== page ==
Mount Hood is a glacier-capped, dormant volcano located 70 miles east of Portland, OR. With numerous alpine lakes, hundreds of ski trails, and the grand 1930s-era Timberline Lodge, this is an accessible paradise for outdoor adventure. Countless trails are found throughout Mount Hood National Forest, which encompasses more than 1,000,000 acres. Ranging from easy nature walks to multi-day wilderness journeys, hiking is one of the top attractions here. When snow covers the ground, visitors can choose from downhill skiing, cross-country skiing, snowboarding, snowshoeing, or tubing. Because this national forest also includes a portion of the Oregon Trail, it's a great place to learn about the state's history as well as appreciate its natural beauty.
This popular trail provides inspiring views of the mountain, bird watching opportunities, and easy terrain to make it fun for everyone. With a combination of compacted rock surface and boardwalk, this trail is a good choice for families with strollers or people with mobility issues.
Length: 1.9 miles
This out-and-back trail takes hikers along the rushing Salmon River through an impressive old-growth forest. Although it stays close to the road, the sound of the river and the dense vegetation make hikers feel like they are deep in the forest.
Length: 2.7 miles
Located on Mount Hood's eastern slope, this trail parallels Cold Spring Creek. Visitors on a hot summer day can take advantage of the refreshing water. The trail ends at impressive Tamanawas Falls, which is 40 feet wide and 100 feet high. Along the way, the trail is shaded by towering cedars and Douglas fir.
Length: 3.4 miles
Mirror Lake is classified as a glacial cirque lake. There are steep slopes to the south and southwest of the lake, creating the glacier cirque headwall. Gorgeous views of Mount Hood make this a popular hike with many visitors. The trail is wide and gains 460 feet at a moderate pace in the beginning, then it narrows and flattens at the lake. It's possible to hike beyond the lake to Tom, Dick, and Harry Ridge, which adds to the difficulty of the trek.
Length: 4.2 miles
From the summit of Lost Lake Butte, hikers get a spectacular view of Mount Adams, Mount St. Helens, Mount Rainier, Mount Jefferson, and Mount Hood all at once. The trail starts in the Lost Lake Campground and climbs moderately through heavy forest. A steep series of switchbacks ascend the last three-quarters of a mile to the summit of the ridge.
Length: 3.7 miles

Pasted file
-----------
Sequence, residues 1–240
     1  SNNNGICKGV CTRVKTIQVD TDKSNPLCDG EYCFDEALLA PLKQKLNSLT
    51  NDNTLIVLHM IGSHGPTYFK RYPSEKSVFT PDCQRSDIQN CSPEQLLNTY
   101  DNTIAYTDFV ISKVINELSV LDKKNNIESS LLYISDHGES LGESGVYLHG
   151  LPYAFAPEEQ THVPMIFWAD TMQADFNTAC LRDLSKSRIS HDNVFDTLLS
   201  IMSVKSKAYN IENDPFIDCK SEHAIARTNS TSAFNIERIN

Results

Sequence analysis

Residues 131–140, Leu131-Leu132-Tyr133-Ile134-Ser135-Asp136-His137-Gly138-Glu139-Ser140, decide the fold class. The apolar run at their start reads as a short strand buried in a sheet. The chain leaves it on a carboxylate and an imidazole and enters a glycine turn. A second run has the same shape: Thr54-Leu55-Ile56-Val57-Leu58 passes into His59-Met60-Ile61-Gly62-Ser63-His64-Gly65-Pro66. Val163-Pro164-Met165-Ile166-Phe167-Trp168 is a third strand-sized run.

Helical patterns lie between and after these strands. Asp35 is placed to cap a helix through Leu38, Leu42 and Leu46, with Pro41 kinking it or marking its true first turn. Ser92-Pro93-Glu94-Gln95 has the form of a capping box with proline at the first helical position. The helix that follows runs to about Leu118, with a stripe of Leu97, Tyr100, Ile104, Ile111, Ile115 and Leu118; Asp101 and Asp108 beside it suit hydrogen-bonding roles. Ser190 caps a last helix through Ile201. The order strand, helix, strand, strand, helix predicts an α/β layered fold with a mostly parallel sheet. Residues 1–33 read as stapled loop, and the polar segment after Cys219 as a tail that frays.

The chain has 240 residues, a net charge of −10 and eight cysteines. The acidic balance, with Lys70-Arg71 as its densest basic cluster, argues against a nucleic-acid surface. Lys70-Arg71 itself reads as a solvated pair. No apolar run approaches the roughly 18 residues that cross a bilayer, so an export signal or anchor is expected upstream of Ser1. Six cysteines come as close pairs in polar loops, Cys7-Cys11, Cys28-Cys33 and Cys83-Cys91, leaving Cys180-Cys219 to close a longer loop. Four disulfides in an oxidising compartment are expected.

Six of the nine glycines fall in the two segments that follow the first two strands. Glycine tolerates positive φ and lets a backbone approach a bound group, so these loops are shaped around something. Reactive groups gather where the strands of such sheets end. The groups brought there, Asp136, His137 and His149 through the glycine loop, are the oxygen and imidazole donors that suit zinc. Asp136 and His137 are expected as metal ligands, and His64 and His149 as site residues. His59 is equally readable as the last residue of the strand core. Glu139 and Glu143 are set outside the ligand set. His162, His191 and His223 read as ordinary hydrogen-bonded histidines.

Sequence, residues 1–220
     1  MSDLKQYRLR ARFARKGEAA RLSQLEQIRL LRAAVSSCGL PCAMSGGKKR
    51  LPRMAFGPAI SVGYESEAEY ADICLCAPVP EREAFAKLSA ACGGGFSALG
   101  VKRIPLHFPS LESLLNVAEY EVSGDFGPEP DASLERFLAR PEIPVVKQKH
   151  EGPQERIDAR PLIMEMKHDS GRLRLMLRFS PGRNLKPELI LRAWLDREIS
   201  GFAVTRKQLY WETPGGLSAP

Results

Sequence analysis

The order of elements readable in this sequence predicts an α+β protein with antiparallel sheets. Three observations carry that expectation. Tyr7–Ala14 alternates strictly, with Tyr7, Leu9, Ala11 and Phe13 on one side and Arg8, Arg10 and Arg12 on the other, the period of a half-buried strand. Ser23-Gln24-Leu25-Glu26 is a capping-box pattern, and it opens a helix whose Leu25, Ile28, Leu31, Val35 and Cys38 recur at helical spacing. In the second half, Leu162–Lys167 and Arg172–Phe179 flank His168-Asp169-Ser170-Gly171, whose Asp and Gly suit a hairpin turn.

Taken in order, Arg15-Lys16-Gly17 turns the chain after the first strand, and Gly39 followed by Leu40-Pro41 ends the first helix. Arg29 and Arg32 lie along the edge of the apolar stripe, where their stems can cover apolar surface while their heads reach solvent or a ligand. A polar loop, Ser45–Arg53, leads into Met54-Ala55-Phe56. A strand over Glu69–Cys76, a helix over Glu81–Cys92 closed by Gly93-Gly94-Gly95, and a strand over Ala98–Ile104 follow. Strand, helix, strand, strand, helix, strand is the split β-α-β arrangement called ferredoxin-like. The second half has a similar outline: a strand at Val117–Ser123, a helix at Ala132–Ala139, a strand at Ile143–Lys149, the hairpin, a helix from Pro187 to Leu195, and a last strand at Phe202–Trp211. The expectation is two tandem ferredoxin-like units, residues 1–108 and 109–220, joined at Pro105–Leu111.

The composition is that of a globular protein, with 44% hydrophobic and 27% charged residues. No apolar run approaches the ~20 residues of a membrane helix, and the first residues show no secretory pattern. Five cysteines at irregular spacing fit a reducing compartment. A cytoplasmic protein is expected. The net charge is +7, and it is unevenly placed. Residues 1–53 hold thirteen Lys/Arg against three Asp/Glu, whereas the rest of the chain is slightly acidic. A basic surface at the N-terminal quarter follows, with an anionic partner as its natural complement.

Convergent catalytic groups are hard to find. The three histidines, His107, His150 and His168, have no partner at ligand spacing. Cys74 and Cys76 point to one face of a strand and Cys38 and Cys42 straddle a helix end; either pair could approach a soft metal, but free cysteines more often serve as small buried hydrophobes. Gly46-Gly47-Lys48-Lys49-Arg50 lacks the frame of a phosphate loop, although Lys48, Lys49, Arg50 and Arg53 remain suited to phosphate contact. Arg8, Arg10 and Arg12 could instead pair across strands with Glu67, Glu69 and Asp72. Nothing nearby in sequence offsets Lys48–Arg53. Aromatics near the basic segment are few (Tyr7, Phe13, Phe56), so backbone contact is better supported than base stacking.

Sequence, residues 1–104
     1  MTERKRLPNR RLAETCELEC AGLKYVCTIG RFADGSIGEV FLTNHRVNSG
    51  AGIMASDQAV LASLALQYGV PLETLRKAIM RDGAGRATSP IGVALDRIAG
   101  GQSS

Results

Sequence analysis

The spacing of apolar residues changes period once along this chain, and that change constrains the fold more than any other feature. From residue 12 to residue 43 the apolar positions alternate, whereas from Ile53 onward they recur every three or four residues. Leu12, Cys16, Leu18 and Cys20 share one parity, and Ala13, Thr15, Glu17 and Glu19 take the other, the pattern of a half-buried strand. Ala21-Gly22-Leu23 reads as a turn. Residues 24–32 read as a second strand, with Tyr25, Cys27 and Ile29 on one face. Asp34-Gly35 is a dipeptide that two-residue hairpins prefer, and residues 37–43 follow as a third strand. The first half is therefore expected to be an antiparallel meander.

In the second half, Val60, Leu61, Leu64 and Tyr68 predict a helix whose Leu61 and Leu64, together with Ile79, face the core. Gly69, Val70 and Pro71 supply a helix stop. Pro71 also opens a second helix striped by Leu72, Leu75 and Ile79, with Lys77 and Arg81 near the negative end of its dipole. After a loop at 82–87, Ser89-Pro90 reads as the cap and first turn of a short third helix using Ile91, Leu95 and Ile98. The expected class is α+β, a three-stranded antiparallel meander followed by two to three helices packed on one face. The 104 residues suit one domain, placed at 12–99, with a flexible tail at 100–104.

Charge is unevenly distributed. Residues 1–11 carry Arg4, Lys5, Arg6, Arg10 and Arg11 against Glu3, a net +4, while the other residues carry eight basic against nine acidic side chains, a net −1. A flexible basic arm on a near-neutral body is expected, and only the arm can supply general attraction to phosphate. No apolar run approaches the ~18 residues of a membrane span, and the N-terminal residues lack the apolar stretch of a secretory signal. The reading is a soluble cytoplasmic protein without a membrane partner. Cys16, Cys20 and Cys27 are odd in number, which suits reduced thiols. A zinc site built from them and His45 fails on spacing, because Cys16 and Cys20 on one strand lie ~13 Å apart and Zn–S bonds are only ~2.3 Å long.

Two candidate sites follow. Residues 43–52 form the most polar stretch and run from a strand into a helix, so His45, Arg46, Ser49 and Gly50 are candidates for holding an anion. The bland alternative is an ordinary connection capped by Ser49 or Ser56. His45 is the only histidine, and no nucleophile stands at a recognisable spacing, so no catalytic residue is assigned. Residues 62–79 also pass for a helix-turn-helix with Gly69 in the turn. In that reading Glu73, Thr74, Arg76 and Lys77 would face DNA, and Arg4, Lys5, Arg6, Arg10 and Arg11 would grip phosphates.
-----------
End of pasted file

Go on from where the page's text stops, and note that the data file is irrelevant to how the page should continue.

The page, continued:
If you want to learn about the trees and other plant life on the mountain, head to the interpretive site at the Timberline Lodge and Ski Area. This National Historic Landmark is visited by 2 million people each year. It's also a great spot to learn about the people who have lived in Mount Hood's shadow for centuries. If you want to know more about the history of Mount Hood, then visit the Mt. Hood Cultural Center & Museum. This World Heritage Ski Museum is a must-see for any snow-sport enthusiast with its varied collections. Exhibits include a biography of the mountain, a gallery of early trailblazers, and artifacts that depict the evolution of skiing.
Another popular destination with families in the winter and summer is Mount Hood SkiBowl. Summer attractions include an alpine slide, mountain bike park, the sky chair, zipline tours, bungee jumping, and go-karts. Skiing, snowboarding, tubing, and snowmobiling take over when snow covers the ground. Fees are associated with all activities.
With its numerous lakes and streams, Mount Hood National Forest is a favorite destination with anglers. For river and stream fishing, head to Lost Creek or Salmon River. They are both great for catching rainbow trout.
For great stargazing at night, head to the High Rocks area, which is near Linney Creek southwest of the mountain. While you'll need an off-road vehicle to get to this viewpoint, it's a perfect spot to see shooting stars and constellations.
Address: Zigzag Ranger District Headquarters 70220 E. Highway 26, Zigzag, OR 97049
Fee: Entry fee Additional fees may be associated with activities within the park.
Mount Hood National Forest is a four-season destination that caters to skiers and snowboarders in the winter and hikers in the summer. With dozens of campgrounds available, an RV trip is a great way to explore this national forest. If you do not own an RV, you can rent one via RVshare in a city close to the national forest.